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51. Single-striped Opossum

Monodelphis unistriata


The single-striped opossum is only known from two individuals collected from southeastern Brazil in 1821, and northeastern Argentina in 1899.

Multiple attempts to find the species through the 20th century failed, and the species remains mysterious. They are in the family Delphidae, which is the lineage of American opossums, the only non-Australian marsupials, which are known in the fossil record from 70-80 million years ago – before dinosaurs went extinct. Previously widespread, opossums went extinct through Europe and North America, being left only in South America by 10-20 million years ago. Around 3 million years ago opossums re-entered North America when the Isthmus of Panama reformed, connecting North and South America.

  • Order: Didelphimorphia
  • Family: Didelphidae
  • Population: Unknown
  • Trend: unknown

EDGE Score

EDGE Score: 5.36 (?)
ED Score: 12.23 (?)
GE / IUCN Red List (?)
Not Evaluated Data Deficient Least Concern Near Threatened Vulnerable Endangered Critically Endangered Extinct in the Wild Extinct


Only known from south-eastern Brazil and north-eastern Argentina.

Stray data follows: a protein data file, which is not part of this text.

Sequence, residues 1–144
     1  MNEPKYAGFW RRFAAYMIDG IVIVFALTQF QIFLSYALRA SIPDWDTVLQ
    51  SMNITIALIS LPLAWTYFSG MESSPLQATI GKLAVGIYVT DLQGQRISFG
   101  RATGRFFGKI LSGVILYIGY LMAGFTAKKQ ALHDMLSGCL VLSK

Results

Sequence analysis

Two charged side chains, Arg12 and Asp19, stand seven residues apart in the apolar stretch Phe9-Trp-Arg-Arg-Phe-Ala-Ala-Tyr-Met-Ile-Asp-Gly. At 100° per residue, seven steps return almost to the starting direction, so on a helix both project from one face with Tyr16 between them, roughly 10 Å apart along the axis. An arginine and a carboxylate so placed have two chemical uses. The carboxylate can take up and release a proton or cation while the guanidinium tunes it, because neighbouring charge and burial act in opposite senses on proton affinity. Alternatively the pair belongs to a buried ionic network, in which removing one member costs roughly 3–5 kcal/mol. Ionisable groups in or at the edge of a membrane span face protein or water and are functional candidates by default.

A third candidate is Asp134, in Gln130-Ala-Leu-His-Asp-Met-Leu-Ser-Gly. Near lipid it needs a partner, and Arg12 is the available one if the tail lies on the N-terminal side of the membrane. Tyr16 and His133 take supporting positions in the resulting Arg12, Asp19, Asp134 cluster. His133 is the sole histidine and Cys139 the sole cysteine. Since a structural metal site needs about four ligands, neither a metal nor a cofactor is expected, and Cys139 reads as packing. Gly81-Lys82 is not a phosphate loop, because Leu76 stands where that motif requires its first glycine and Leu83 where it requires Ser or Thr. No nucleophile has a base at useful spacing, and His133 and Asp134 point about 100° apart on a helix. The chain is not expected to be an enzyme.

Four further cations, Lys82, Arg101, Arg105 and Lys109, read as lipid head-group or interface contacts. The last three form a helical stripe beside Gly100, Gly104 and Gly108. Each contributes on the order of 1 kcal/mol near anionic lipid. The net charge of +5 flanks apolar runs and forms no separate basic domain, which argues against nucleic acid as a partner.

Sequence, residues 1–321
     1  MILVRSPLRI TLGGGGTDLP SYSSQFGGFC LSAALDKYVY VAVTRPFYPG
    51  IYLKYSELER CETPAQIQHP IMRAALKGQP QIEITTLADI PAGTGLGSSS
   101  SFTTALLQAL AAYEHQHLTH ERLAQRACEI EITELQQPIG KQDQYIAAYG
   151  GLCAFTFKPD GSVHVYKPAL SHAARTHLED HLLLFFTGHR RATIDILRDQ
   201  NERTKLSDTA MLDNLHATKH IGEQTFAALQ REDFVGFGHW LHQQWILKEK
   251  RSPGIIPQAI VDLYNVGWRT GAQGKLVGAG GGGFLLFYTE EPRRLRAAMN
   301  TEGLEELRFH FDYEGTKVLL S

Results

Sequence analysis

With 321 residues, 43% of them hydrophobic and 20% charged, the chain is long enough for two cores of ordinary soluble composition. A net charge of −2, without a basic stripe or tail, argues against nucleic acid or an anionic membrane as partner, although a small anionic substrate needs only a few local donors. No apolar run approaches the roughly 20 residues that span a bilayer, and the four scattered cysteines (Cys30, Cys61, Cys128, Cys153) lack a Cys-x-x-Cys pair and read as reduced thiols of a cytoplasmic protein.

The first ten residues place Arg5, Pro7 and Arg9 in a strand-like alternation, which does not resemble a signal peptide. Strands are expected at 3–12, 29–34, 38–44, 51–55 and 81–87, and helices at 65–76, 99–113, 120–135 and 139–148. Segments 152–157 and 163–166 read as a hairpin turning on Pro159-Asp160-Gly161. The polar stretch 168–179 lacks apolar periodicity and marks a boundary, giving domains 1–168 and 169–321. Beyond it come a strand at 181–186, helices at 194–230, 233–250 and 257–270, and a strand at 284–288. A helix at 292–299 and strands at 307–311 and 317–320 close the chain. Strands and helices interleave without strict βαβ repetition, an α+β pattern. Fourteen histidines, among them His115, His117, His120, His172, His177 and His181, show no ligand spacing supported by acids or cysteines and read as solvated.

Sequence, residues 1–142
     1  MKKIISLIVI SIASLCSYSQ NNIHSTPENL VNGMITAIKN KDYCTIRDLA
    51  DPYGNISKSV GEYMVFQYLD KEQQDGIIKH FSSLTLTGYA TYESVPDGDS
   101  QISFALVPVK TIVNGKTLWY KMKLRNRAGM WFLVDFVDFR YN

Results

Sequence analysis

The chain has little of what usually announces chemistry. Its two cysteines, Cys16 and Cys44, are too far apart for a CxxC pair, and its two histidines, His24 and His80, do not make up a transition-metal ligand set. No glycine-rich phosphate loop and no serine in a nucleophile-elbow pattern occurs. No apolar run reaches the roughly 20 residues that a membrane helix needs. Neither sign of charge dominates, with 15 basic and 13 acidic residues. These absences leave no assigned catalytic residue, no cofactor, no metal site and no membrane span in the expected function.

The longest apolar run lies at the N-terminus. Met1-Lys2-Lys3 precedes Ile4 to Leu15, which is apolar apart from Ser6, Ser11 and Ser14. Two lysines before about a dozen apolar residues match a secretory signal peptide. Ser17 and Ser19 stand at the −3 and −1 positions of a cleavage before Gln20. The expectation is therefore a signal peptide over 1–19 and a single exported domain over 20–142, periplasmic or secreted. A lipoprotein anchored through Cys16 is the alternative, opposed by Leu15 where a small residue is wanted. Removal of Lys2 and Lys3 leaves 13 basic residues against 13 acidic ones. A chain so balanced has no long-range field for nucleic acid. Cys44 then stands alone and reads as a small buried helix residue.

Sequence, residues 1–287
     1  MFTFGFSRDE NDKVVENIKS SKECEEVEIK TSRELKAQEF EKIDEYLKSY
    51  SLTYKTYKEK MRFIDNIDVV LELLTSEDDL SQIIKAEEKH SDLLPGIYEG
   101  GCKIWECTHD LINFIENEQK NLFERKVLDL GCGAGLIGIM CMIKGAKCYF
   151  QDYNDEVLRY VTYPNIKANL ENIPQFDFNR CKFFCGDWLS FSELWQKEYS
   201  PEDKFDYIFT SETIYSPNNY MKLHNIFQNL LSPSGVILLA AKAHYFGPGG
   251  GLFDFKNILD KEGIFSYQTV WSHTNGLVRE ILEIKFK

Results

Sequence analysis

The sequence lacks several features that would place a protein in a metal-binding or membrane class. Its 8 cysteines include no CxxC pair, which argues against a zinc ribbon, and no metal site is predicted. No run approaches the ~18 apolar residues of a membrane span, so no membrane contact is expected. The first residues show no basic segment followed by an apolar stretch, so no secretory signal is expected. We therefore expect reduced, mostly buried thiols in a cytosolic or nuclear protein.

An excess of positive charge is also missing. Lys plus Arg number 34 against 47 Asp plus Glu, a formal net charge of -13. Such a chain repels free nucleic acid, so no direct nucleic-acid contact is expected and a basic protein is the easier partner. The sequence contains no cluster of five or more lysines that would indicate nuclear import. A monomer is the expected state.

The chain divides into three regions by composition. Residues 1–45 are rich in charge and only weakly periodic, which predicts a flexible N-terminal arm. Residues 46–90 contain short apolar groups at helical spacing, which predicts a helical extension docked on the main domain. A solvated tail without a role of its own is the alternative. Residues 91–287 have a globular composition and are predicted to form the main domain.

Habitat and Ecology

Little is known of the habitat and ecology of this species, though based on other members of its genus, their activity is probably predominantly terrestrial.

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This wordcloud illustrates the threats facing this species. The size of each word indicates the extent of a species range that is affected by that threat (larger size means a greater area is affected). The colour of the word indicates how much that threat impacts the species (darker shades of red mean the threat is more severe).

Crops Logging

Threat wordcloud key:

Small area affected
Large area affected
Least severe
Most severe
Severity unknown
Source: The IUCN List of Threatened Species. Version 2017.1.
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